The third entry is directed by Phawit Panangkasiri and called EERIE NIGHTS (KEUN JIT LUT | คืน จิต หลุด): a group of criminals is on the run and hides from the police in an abandoned hospital. There, things get quickly out of hand (literally) with the criminals beginning to fight and a ghost starting to haunt them.

The final episode then is a ghost comedy called HOO AA GONG (ฮู อา กง), telling the story about a Thai-Chinese family that has to watch over the body of the deceased grandfather. The family members feel awkward about the task, and so does the spirit of the grandfather who prefers to be rather active than lying dead in his bed.

Different from other horror anthologies in recent years LUD 4 LUD is mostly straight forward with only a little hint of Buddhist subtexts (as in EERIE NIGHTS) or references to the widespread belief in ghosts a.k.a. spirits. LUD 4 LUD isn’t really much of a horror movie, but mostly plays with our expectations towards the genre while in fact mostly not dealing with any supernatural ingredients at all: only the 4th segment is about real ghosts, while the segments 1-3 are trying to trick the protagonists as well as the audience into believing that something otherworldly is going on, which however is not. Since the last installment is a comedy I am not sure if I shall call THE 4 MOVIE a horror anthology at all.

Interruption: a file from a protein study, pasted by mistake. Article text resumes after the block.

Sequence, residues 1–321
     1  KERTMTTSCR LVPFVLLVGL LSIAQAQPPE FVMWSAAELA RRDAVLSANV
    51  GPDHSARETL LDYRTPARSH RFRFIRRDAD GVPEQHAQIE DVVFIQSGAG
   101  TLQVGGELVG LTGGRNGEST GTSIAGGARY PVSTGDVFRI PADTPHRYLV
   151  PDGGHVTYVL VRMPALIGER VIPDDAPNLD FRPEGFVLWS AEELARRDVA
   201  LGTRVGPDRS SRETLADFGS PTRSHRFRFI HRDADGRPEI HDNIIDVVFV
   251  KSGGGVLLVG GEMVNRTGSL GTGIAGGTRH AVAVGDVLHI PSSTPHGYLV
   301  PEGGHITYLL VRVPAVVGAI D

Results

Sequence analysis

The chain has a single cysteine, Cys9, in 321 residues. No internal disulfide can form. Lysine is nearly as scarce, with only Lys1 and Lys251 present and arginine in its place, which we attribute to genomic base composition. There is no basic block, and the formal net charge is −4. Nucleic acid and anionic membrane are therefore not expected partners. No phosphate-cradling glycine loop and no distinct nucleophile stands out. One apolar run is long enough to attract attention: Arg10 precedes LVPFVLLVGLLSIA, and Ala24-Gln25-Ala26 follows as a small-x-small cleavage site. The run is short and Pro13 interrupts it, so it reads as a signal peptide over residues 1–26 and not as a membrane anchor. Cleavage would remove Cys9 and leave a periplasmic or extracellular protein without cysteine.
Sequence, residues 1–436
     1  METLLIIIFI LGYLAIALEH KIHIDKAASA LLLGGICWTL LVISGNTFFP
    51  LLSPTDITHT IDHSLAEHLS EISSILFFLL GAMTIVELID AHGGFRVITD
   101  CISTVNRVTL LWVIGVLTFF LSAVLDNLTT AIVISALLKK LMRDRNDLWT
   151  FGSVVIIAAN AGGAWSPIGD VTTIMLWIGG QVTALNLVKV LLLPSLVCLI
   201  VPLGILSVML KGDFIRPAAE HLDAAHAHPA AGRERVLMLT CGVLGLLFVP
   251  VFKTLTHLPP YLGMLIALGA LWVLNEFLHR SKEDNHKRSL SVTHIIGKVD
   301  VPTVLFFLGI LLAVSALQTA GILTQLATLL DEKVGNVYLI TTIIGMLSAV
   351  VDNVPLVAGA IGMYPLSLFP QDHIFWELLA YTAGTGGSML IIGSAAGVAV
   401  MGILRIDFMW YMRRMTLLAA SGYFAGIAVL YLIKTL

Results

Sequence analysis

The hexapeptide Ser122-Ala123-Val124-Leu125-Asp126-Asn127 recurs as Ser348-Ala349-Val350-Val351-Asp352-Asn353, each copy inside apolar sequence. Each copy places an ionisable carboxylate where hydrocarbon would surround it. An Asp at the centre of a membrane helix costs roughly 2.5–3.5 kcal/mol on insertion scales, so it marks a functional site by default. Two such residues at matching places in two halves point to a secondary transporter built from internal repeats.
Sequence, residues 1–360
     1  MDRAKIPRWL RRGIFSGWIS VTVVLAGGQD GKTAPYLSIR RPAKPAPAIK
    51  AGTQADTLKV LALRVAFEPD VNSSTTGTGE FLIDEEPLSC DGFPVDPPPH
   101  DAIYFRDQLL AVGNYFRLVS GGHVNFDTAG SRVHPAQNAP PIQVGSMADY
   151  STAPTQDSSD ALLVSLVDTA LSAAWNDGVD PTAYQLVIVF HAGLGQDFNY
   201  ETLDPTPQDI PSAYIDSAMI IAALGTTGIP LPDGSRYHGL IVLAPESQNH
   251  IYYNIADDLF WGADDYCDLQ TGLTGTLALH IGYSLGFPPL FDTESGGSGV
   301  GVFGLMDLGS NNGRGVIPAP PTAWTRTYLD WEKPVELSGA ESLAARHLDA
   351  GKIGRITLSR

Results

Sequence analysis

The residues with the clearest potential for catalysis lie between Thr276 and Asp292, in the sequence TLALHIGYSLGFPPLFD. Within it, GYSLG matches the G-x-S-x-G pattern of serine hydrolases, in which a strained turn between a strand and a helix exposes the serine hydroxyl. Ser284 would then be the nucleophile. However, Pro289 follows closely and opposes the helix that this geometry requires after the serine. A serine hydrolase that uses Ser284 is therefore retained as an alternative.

Out of all entries THE GIFT SHOP FOR THE ONES YOU HATE is clearly the most original, creative and entertaining movie of the pack, leaving the others trailing behind. The first film starts interesting but turns out a lame duck, unsuccessfully trying to blend into the oh-so fashionable environmental debate, while formally kind of copying James Wan’s camera-moves-up-and-down-and-in-and-out-of-a-parking-lot set piece from DEATH SENTENCE. The conclusion then is totally random and renders the rest of the film meaningless.

Mr. Khomsiri’s movie stands out through its inventive idea, good script and proper execution, making it feel like a short feature film rather than a long short and delivering proper dramaturgy and character / story development while finding the right balance between paranoia film and horror-thriller, while embedding his scenario into a context that is very familiar to all of us. It could all happen to you, and that’s why this segment is the most terrifying after all.